BREAKTHROUGHS BLOG

January 29, 2018

Research Roundup: Rotavirus vaccine prequalified and breakthroughs in understanding leprosy and a long-acting malaria medicine

Taylor Capizola
Program Assistant
GHTC
PATH/Satvir Malhotra

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In this regular feature on Breakthroughs, we highlight some of the most interesting reads in global health research from the past week.

The World Health Organization has prequalified Bharart Biotech’s rotavirus vaccine—ROTAVAC—enabling United Nations agencies and GAVI, the Vaccine Alliance to purchase the vaccine for use in low-income countries (LIC). Bharat is currently supplying the vaccine to LICs at one US dollar per dose and expects to be able to reduce the price if a threshold of doses are purchased. Rotavirus is the leading cause of severe diarrhea and death in children younger than five years. ROTAVAC presents a new low-cost vaccine option to prevent rotavirus and is the first licensed rotavirus vaccine to be developed using a strain of the virus isolated, manufactured, and tested in India.

A team of scientists have sequenced and analyzed genomes of multiple leprosy strains from around the world in an attempt to understand previously unknown mechanisms of drug resistance. Scientists found many of the genomes harbored large numbers of random mutations, explaining why many strains of the disease have become resistant to commonly used medicines. Leprosy is a painful disease that affects over 200,000 people every year, causing major damage to the skin, nerves, and eyes. Understanding the genomic structure and mutations of leprosy will aid scientists in developing effective treatments for leprosy and drug-resistant leprosy.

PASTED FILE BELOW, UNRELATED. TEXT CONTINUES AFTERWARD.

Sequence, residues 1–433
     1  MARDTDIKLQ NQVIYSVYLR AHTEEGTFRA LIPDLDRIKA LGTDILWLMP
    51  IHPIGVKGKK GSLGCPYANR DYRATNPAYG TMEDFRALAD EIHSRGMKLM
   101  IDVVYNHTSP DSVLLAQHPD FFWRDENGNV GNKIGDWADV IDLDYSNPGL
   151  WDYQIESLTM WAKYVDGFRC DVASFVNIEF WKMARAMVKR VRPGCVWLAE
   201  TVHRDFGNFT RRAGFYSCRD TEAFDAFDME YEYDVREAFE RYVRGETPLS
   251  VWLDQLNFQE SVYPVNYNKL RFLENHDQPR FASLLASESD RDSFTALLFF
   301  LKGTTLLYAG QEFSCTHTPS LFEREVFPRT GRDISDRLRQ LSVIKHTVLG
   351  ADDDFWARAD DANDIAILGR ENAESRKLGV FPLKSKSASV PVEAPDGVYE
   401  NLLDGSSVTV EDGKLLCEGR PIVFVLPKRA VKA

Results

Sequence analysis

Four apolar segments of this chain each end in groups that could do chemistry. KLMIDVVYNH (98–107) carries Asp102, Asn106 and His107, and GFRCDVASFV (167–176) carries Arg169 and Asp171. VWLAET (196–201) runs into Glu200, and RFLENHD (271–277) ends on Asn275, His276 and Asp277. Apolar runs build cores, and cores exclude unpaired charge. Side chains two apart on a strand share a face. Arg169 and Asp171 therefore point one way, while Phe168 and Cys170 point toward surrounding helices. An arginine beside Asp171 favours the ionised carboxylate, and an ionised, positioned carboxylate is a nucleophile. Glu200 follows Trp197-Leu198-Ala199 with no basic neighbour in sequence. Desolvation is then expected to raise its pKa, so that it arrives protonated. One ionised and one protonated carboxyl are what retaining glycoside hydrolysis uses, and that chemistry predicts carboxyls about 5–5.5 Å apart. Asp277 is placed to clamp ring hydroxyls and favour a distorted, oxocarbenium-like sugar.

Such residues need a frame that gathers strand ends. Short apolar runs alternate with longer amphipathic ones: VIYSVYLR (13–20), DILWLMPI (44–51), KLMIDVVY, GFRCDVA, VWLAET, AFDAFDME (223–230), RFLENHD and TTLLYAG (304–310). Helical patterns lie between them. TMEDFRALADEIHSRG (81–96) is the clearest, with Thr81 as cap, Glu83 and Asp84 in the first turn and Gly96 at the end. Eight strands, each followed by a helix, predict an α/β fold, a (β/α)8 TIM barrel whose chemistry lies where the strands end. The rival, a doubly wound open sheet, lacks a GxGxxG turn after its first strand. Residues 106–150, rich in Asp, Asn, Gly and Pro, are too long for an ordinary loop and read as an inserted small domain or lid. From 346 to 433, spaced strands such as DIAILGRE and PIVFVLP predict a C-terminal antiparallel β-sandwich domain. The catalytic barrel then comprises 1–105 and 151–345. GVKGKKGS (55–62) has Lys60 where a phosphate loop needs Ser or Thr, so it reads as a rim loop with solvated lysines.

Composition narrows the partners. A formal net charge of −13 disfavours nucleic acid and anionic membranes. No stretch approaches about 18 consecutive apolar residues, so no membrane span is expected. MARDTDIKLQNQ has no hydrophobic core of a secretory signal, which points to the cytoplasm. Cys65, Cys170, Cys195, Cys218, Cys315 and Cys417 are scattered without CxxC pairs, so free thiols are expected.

Researchers at the University of Liverpool and the Johns Hopkins School of Medicine have developed a long-acting injectable form of malaria medicine that could simplify and improve malaria prevention. The scientists used nanotechnology—or the manipulation of matter on an atomic or molecular scale—to improve the delivery of an existing antimalarial through a new injectable formulation that can maintain blood concentration of the drug for weeks or months. Once injected into the muscle, this delivery method establishes a medicine depot that releases the antimalarial into the bloodstream over an extended period of time. Malaria chemoprophylaxis—the administration of antimalarial drugs prior to potential exposure—is a common malaria prevention strategy, but it requires patients take medicine daily to be effective. While still in the early stages of development, this new long-acting medicine could offer an alternative approach that may help patients improve adherence.

 

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